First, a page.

This thread on Twitter sparked a lot of interest, so I hope it’s useful if I publish the whole section on meetings from the upcoming revision of How to Teach Programming (and Other Things). Please see this short paper for a more detailed discussion.
Most people are really bad at meetings: they don’t have an agenda going in, they don’t take minutes, they waffle on or wander off into irrelevancies, they repeat what others have said or recite banalities simply so that they’ll have said something, and they hold side conversations (which pretty much guarantees that the meeting will be a waste of time). Knowing how to run a meeting efficiently is a core skill for anyone who wants to get things done. (Knowing how to take part in someone else’s meeting is just as important, but gets far less attention—as a colleague once said, everyone offers leadership training, nobody offers followership training.) The most important rules for making meetings efficient are not secret, but are rarely followed:
Decide if there actually needs to be a meeting.
If the only purpose is to share information, have everyone send a brief email instead, or better yet, add notes to a shared document so that people can find the information later. Remember, you can read faster than anyone can speak: if someone has facts for the rest of the team to absorb, the most polite way to communicate them is to type them in.
Write an agenda.
If nobody cares enough about the meeting to write a point-form list of what’s supposed to be discussed, or if that list isn’t circulated at least a day in advance, the meeting probably doesn’t need to happen. (Note: “the agenda is all the open issues in our GitHub repo” doesn’t count.)
Include timings in the agenda.
Agendas also help you keep the meeting moving (as in, “That’s very interesting, but we have five other topics to get through in the next fifteen minutes, so could you please make your point?”), so include the time to be spent on each item in the agenda. Your first estimates with any new group will be wildly optimistic, so revise them upward for subsequent meetings.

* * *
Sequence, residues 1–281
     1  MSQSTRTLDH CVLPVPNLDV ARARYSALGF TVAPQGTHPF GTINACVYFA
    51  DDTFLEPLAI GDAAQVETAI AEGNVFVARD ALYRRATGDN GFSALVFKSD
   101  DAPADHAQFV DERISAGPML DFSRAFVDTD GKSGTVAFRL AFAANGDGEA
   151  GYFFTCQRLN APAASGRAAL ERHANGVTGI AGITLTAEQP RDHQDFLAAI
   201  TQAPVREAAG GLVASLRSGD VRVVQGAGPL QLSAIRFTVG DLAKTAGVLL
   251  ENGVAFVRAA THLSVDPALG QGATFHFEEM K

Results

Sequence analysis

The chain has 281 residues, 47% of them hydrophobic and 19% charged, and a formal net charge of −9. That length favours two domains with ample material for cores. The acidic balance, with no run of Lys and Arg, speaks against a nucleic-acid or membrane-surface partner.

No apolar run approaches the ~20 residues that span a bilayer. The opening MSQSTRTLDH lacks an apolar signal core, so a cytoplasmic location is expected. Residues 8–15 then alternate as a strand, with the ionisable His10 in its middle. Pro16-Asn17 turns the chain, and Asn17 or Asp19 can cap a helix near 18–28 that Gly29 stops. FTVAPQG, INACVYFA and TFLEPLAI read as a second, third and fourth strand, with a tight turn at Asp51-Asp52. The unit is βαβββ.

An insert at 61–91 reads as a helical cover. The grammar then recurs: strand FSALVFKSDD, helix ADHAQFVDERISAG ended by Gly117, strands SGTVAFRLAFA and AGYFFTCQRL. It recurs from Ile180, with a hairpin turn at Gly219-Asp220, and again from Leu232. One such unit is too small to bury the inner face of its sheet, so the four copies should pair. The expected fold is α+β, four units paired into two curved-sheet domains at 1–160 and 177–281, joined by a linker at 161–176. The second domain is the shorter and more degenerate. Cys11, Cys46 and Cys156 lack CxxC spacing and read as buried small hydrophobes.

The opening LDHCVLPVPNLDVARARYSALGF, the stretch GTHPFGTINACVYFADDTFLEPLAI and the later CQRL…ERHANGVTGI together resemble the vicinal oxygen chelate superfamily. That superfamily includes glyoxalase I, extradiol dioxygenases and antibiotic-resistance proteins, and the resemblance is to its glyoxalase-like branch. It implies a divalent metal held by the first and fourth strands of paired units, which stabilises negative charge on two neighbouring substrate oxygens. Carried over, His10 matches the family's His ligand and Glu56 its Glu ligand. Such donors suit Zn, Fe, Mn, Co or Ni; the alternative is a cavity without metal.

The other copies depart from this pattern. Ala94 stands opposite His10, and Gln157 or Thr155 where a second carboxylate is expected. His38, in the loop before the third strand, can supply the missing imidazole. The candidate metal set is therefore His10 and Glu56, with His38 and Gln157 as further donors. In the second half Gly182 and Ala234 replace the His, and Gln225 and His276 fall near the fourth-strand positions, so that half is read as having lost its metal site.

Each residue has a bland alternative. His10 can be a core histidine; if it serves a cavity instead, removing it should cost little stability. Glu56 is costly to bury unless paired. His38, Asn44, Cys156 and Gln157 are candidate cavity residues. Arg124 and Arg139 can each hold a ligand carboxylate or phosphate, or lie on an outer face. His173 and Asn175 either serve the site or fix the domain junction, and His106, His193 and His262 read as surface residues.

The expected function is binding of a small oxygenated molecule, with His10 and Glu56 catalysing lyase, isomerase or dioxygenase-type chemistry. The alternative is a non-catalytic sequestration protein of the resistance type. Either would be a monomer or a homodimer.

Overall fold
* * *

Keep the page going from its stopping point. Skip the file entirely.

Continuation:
Every meeting is a micro-project, so work should be prioritized in the same way that it is for other projects: things that will have high impact but take little time should be done first, and things that will take lots of time but have little impact should be skipped.
Put someone in charge.
“In charge” means keeping the meeting moving, glaring at people who are muttering to one another or checking email, and telling people who are talking too much to get to the point. It does not mean doing all the talking; in fact, whoever is in charge will usually talk less than anyone else, just as a referee usually kicks the ball less often than the players. One way to ensure this is to give the moderator a stuffed animal or something else to hold up when they’re speaking on their own behalf rather than moderating.
No one gets to be rude, no one gets to ramble, and if someone goes off topic, it’s the chair’s job to say, “Let’s discuss that elsewhere.” If your project has a code of conduct (which it should), the moderator should remind people of it at the start of each meeting.
Insist that everyone put their phones, tablets, and laptops into politeness mode (i.e., closes them). If this is too stressful, let participants hang on to their electronic pacifiers, but turn off the network so that they really are using them just to take notes or check the agenda. Before insisting on this, though, please check if people need their devices for accessibility reasons.
Participants should raise a finger, put up a sticky note, or make one of the other gestures people make at high-priced auctions instead if they want to speak next. If the speaker doesn’t notice you, the person in charge ought to.
Someone other than the chair should take point-form notes about the most important pieces of information that were shared, and about every decision that was made or every task that was assigned to someone.